For divorcing families, "custody" is what Isolina Ricci, Ph.D., in her book "Mom's House, Dad's House, Making Two Homes for Your Child," Simon & Schuster, 2nd Edition, 1997, calls a "stink" word. Custody implies possession. The state has custody of prisoners - not caring about what they want or what is in their best interest. Relatives and friends must visit prisoners and have no effect over their daily lives.
People also have custody of property. But, should mothers and fathers have the right to fight for or even agree upon who has "custody" of their children? Should one parent have "primary custody" and one parent have "visitation rights"? Or, should one parent have "partial custody" of a child? How does that make your child feel?
People experiencing divorce are flooded with overwhelming feelings that seem as if they will never dissipate. But, what are their children feeling? Children, those helpless little beings who depend on mom and dad for love and support, are losing part of themselves when parents separate. The mates joined each other as adults with no previous family relationship. But, these children began their lives with two people who were related as family and whose genes make up their being. Never underestimate a child's need to know both parents. Both single mothers and their children conceived through anonymous in vitro fertilization from a sperm bank, have, unfortunately, experienced the pain that comes at the age when a child needs to know the identity of his or her father.
Children not only need to know who their parents are, but need to feel that both parents love them dearly and are willing to sacrifice for their best interests. As painful as not knowing the identity of one's parent is having the knowledge that a parent has voluntarily exited one's life. A child doesn't care whether a parent has left because he or she can't manage the hostility between him or herself and the other parent or because it is too painful to feel as if he or she only has right to "visit" the child. A child only knows that a parent is gone.
For this reason, mental health professionals seem to be of the consensus that both parents must stay involved in a child's life after divorce. But language is important and a small but growing group of professionals who work with divorcing families discourage the use of the words custody and visitation. Mom's House, Dad's House discusses "stink" words and "rose" words and suggests that our language and use of particular words affects our point of view and our children's point of view - which in turn affects their self-esteem.
Constance Ahrons, Ph.D., in her book "The Good Divorce", also discusses how the use of language has a significant influence on our attitudes and our view of our redesigned family - our "binuclear" family as she calls it. If a child of a divorced family hears that he comes from a "broken" home, he feels ashamed, uncomfortable or less worthy compared to a child from an intact family - even if the intact family is loveless or contains two adults who treat each other disrespectfully or with open hostility.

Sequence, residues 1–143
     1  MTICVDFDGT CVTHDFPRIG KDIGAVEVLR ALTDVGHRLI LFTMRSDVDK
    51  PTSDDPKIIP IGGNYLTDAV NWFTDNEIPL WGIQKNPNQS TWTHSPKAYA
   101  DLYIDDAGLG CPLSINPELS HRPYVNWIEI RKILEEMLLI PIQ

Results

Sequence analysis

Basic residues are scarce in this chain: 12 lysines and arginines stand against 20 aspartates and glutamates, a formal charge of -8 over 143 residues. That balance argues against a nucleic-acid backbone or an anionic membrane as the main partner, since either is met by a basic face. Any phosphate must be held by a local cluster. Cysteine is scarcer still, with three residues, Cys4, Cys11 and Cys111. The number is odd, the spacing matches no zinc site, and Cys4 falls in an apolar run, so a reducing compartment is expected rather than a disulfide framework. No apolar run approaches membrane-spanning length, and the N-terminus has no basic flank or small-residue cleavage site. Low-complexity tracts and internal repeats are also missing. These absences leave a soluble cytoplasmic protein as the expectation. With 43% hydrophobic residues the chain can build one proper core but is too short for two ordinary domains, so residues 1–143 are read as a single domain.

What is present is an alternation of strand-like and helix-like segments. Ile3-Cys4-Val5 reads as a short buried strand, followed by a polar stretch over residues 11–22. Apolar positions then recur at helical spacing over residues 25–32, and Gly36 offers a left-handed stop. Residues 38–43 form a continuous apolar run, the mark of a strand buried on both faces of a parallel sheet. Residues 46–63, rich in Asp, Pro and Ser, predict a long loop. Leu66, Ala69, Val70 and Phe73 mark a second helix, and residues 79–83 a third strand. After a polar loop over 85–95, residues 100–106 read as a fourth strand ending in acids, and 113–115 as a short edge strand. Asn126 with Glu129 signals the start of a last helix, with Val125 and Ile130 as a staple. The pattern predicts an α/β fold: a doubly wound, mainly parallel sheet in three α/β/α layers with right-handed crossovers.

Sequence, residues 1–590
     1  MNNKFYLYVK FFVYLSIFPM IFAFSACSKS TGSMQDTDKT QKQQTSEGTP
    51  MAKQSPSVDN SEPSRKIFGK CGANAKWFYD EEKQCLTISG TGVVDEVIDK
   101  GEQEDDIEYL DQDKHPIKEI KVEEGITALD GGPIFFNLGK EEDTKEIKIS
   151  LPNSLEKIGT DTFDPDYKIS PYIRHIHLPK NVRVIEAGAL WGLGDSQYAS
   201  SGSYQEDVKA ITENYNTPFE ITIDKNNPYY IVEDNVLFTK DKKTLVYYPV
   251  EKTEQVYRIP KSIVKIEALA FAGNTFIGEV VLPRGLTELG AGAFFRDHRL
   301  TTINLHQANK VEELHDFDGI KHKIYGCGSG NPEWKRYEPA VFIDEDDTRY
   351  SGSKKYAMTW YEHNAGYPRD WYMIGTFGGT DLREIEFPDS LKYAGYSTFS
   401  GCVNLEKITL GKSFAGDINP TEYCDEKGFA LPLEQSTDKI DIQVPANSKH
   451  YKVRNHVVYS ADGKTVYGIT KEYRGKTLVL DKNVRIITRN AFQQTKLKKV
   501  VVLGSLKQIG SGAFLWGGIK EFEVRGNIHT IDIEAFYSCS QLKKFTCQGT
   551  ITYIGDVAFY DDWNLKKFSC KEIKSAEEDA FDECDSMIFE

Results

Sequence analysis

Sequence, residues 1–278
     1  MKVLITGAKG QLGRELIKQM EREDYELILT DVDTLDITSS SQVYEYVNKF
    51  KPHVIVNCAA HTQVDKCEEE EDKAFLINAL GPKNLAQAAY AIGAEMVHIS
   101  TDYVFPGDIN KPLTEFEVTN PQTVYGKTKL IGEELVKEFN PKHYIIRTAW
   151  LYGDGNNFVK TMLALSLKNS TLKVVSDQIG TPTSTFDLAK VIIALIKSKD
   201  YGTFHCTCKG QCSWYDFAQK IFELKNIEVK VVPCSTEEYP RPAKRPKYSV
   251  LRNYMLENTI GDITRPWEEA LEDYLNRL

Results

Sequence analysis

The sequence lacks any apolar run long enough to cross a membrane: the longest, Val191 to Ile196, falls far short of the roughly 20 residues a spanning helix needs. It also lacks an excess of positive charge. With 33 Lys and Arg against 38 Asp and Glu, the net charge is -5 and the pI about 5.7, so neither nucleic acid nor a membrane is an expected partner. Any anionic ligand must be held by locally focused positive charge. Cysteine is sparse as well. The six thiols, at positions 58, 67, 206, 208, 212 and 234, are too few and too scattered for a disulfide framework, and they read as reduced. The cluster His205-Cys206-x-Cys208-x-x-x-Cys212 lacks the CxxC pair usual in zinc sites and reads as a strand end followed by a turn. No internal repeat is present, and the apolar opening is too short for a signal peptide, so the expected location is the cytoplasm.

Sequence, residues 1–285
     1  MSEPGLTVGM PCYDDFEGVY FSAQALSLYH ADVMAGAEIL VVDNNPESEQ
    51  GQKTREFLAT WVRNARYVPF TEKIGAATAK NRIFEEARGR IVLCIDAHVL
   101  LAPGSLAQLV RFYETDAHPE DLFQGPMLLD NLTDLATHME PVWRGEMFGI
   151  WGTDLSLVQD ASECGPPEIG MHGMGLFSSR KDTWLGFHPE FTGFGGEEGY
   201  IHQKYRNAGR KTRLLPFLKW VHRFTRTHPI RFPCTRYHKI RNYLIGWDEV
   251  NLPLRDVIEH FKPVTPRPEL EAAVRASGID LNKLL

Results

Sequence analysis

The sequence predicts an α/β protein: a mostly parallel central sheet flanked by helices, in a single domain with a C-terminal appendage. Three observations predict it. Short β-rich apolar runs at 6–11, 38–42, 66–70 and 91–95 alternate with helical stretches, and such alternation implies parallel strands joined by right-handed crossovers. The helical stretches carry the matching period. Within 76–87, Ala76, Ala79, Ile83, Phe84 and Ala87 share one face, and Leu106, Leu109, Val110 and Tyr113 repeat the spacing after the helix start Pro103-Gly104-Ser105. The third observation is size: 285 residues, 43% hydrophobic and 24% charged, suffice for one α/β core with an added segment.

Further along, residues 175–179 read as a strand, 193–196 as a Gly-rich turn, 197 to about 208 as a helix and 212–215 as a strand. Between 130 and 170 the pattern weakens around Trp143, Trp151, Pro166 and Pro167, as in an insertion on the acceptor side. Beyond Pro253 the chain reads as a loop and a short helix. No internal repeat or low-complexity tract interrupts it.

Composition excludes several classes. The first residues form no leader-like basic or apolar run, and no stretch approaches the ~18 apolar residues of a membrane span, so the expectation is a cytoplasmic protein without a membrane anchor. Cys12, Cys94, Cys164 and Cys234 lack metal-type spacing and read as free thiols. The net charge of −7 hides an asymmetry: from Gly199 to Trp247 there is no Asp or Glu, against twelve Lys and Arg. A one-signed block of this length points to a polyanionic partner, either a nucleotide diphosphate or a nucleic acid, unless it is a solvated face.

Self-esteem is instilled and developed during one's childhood. Two children coming from similar backgrounds can have entirely different levels of self-esteem based upon what they heard and what they have been taught about who they are.
Children must be taught that divorce is not a disease. It doesn't mean that their family failed at something. And, they must be reassured that their parents love them and will not exit their lives for any reason, including remarriage and new children. For parents to be able to teach their children they need their own support system to educate them and to help them deal with the emotional roller coaster that they ride during the first couple of years after separation.
The most popular and well-known method of proceeding toward a divorce is for the individuals to hire their own lawyers. Some of theses family lawyers have new legal therapists who are mental health professionals whose purpose is to help the divorcing individual understand the emotional stages of divorce. This system still sets both people up in an adversarial mode and limits communication and understanding between the parties.
I personally believe that the couple needs to see someone together as a couple in order to be able to share the feelings and pain that they are experiencing with each other. The couple can meet with a mental health professional to work on, what is now called, "divorce counseling". Many "marriage counselors" are just as qualified to help people deal with issues surrounding divorce and the parenting of their children.
The couple can also meet with a family mediator who can either be a lawyer or a mental health professional so as to develop a plan for dissolving their intimate relationship while maintaining a relationship conducive to nurturing emotionally healthy children.
A family mediator will discuss parenting responsibilities and parenting schedules that keep both parents involved in a way that will ensure that their children experience the least amount of pain and discomfort surrounding the reorganization of their family. Statistics show that parents that owe a duty to support are more inclined to continue to faithfully pay support when they are actively involved in the lives of their children. Statistics also show that children can survive the divorce process and become emotionally satisfied adults if their divorcing parents limit their conflicts and maintain a respectful co-parenting relationship.
Don't discuss custody of your children. Discuss your respective responsibilities and schedules with them and remember they need you to behave and talk in a way that will enable them to develop into healthy, happy, secure adults who can go on to become responsible, caring parents themselves someday.
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